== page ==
The theme of love is inexhaustible; there are different dimensions to how it is depicted in fictional works over the years. In recent times, I have questioned it, through the eyes of Roy and Celestial in Tayari Jones’ The American Marriage. I have marveled at its audacity in the abominated affair between Hajiya Binta and Reza in Abubakar Ibrahim Adam’s Season of Crimson Blossom. I have even had my heart gutted in the unforgettable characters of Sira and Kaodini in Chimeka Garrick’s A Broken People’s Playlist. However, the kind of love and its many forms vividly represented in Bolatito is soothing, shattering, and at the same time heart-warming.
You can tell I’m having a book hangover and it will probably take me forever to get over this profound story. That is how powerful and strong the themes and message in this book wields. The eponymous hero is a victim of circumstance, fate and a society that is insensitive to the plights of women dealing with infertility. I have been trying to wrap my head around how devastating it must have been for Bolatito to witness how her once loving husband transitions to a monster that joins the society in drilling in her pain of not being about to bear her kind. It must also be heart-wrenching to be a recipient of unsolicited prayers and remarks from distant relatives at occasions. Even worst when the church—a supposed place of succour joins the wagon with their spiteful counsels.
Bolatito is a heavy book. I’m so grateful and glad to be taking a break from hardcore literary fictional works set in unfamiliar dystopia, historic worlds. I love how more relatable contemporary issues that affect us are making appearances in African fictional pieces now. Polycystic Ovary Syndrome (PCOS), a condition that causes infertility, has probably never been a subject matter in a book in this clan. Learning more about the challenges and varied symptoms could not have been more germane.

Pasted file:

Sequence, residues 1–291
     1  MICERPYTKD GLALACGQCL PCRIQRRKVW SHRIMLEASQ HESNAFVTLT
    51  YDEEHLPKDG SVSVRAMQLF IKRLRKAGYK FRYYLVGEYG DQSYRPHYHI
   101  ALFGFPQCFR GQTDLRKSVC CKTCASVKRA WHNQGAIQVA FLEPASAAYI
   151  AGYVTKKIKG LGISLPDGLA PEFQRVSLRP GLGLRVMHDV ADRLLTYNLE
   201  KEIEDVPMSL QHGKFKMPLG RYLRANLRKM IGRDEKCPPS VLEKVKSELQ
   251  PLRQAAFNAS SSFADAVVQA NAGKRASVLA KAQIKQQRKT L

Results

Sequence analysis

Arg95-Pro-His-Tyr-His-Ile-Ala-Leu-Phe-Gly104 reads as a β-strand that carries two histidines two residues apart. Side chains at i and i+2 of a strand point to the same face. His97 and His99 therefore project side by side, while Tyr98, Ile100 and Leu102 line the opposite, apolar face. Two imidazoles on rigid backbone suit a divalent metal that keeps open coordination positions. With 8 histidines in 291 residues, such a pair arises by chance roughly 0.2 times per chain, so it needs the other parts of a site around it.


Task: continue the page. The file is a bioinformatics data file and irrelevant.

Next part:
In Bolatito, Seyi Amao did not hold back on her quest to make her characters find joy despite the sorrows and trials of life. This clear message of hope in spite of the many tragedies in the book holds sway from start to finish. There were moments I had my heart in my throat as the life and travails of men of the armed forces at Sambisa forest were made apparent through the ordeal of Azuka and Usman. I feel these male characters have known too many pains in life but couldn’t own up because “men don’t cry,” according to societal constructs.
If you are dealing with grief, trying to conceive, growling with disappointment, and asking why bad stuff happen to good people in life, then Bolatito and Ifunnaya’s trajectory in this book will resonate closely. Seyi Amao’s attempt to portray these painful realities of life is emotive and unforgettable. I do not expect less as the author admits to dealing with PCOS too – a health condition that affects one in ten women of childbearing age.
The narrative in Amao’s debut swings between past and present as we get to unravel deeper possibilities for how the story will end. However, nothing will prepare you for the unexpected twist in the concluding part of the book. Oh, I love the handwritten letters exchange between father and daughter. The sincerity and sweetness of such beautiful, age-long way of communication.
I am left wondering if the ineptitude that characterises the Nigerian Postal service was intentionally not captured. Does NIPOST deliver to Sambisa forest? These very few irregularities in the story are well compensated with the author’s simple and not too flowery language. I guess this is to keep the focus on the core message of the book.
The beauty of this book lays in its bold and familiar characters. As a reader, you will most likely see yourself in at least one of them. In the end, Bolatito will mend your heart, move you with compassion, wrap you up with hope and make you seek to approach life with the innocence and wonder of a child.